The One That Got Away

It’s Valentine’s Day and you bump into your ex-lover whom you refer to as “The One That Got Away.” What Happens?

Will be doing this challenge from three perspectives.

Second::His

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Getting out of bed had become a job. The type of job that made the bones groan from the strenuous assault of stress, burdens, and dead ends. Since he moved back into his parent’s place two and a half years ago things went from a slow leak to massive flooding. Uprooting, why me, devastating flooding.

A knock at his door distracted him briefly from buttoning the last few buttons of his shirt.

“We’re leaving. Sure you don’t want to ride with your aunt Faye?” His father stood awkwardly in the doorway as if he couldn’t decide to enter or stay out of his son’s space. “That, uh, that looks good. Your mother would approve.”

Ty contorted himself to get the best view down at himself. “Yea,” he replied softly but disinterested. The soft purple dress shirt looked nice enough. Fit him better since he bulked up some. Didn’t make him like it but it was her favorite. Both of theirs ironically enough.

A silence hung between them, the men his mother left behind to fend for themselves and build a bridge to connect each other without her all knowing advice. “Guess we’ll see you there.” His father nodded, giving Ty one last chance to do more than stare pointedly at him to go away before seeing himself off.

Since his mother’s death, things in the apartment was a blur. When the blur did slow down it didn’t reveal much. His father stayed out as often as he could. Ty couldn’t blame him, not for that. Her memories were everywhere. It had been over a month and he swore he could still smell the perfume she loved to suffocate them all with. It smelt like wet dog covered with baby powder but she didn’t care. To her it was a fresh garden.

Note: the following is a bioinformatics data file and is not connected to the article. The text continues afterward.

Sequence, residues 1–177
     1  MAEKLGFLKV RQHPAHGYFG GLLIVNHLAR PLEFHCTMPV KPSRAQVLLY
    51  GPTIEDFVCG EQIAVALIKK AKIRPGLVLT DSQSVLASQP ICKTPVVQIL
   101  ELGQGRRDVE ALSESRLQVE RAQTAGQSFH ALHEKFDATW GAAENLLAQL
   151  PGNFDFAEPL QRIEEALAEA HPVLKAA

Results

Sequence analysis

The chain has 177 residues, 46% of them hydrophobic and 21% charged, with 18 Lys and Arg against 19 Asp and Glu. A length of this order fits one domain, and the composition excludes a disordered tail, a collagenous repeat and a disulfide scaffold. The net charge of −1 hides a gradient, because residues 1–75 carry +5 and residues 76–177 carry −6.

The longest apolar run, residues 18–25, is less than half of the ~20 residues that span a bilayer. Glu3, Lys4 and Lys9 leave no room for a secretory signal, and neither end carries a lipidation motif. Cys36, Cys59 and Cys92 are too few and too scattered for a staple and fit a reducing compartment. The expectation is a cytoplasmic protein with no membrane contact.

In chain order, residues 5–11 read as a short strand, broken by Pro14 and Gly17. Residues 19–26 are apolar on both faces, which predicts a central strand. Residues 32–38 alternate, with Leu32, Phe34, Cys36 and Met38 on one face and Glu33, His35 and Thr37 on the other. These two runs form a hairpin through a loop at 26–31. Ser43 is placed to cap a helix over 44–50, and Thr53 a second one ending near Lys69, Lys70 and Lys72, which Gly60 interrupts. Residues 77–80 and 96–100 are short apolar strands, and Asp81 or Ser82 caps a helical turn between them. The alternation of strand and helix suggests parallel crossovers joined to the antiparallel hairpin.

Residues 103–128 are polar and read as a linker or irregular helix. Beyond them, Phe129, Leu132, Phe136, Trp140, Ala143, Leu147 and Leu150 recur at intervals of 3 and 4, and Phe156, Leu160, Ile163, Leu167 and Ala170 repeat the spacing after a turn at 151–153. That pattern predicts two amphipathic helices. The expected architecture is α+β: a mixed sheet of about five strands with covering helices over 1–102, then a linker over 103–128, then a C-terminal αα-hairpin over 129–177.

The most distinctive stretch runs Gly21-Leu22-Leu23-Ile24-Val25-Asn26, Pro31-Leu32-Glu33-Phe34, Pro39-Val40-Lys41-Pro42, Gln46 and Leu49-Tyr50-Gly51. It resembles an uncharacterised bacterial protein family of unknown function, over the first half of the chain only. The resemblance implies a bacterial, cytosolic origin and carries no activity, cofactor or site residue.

He wondered who else wore the so called perfume. Whoever was crazy enough, they couldn’t wear it with the same confidence. And when somebody who had no sense of smell complimented her on it, she lit up. The bubbliness of her lost youth shined through at those times. Nobody could tell her anything. He remembered one time when a younger nurse gave her grief on one of her fifteen hours shifts. At the time his mother hadn’t had more than three hours of sleep but one compliment from the guy at the meat section and she could put up with anything. She came home, tired as ever, but upbeat enough to tell them how the girl messed up five charts, outright refused to do the grudge work of post ops, made a child cry, and then had the nerve to question her superiors.

Ty could hear her heavy laughter as if she was sitting next to him. He propped up his elbow on the narrow edge of the car window, playing out the what if conversation in his head. “You finally got nerve?” She’d ask. “Course, Ma,” he’d start, “always got nerve.” She’d likely snort and shift in her seat before lecturing him about treating women right and how she didn’t bring up no street runner.

The cab rolled to a stop, he paid the driver, got out, and looked up at the building. “Bout time you went after that girl,” his version of his mother told him. He could hear the snarkiness of a wise woman. He knew he was imagining it, knew in a matter of an hour he’d be giving her eulogy, but it didn’t take away the extra spring he got in his step from the fake nudge. His mother always did have a soft spot for Priscilla. “There’s something ’bout that girl I like,” she told him once. “Don’t ruin it. She just might be who takes care of you when I’m gone.”

If you only knew.

Ty waited at the corner for sight of her. Thankfully the city was filled with weirdos that liked to lean up against walls. Most had on rags, dirt, and mops of hair all over but he could be different. The well offs didn’t deviate from their high gaze when they walked past the idle homeless. Not many. There was one man who eyed him suspiciously. That quickly stopped when Ty made direct eye contact.

Swiveling his focus back to the street, he cursed under his breath. The guy nearly had him miss the chance to see her again. Standing still as the bricks he was leaning up against, he told himself he was just going to watch her a little longer then go. The weight of the funeral and sorting out who gets what not to mention mourning the woman that stuck by him his whole life had been taxing. There were days he hated the world.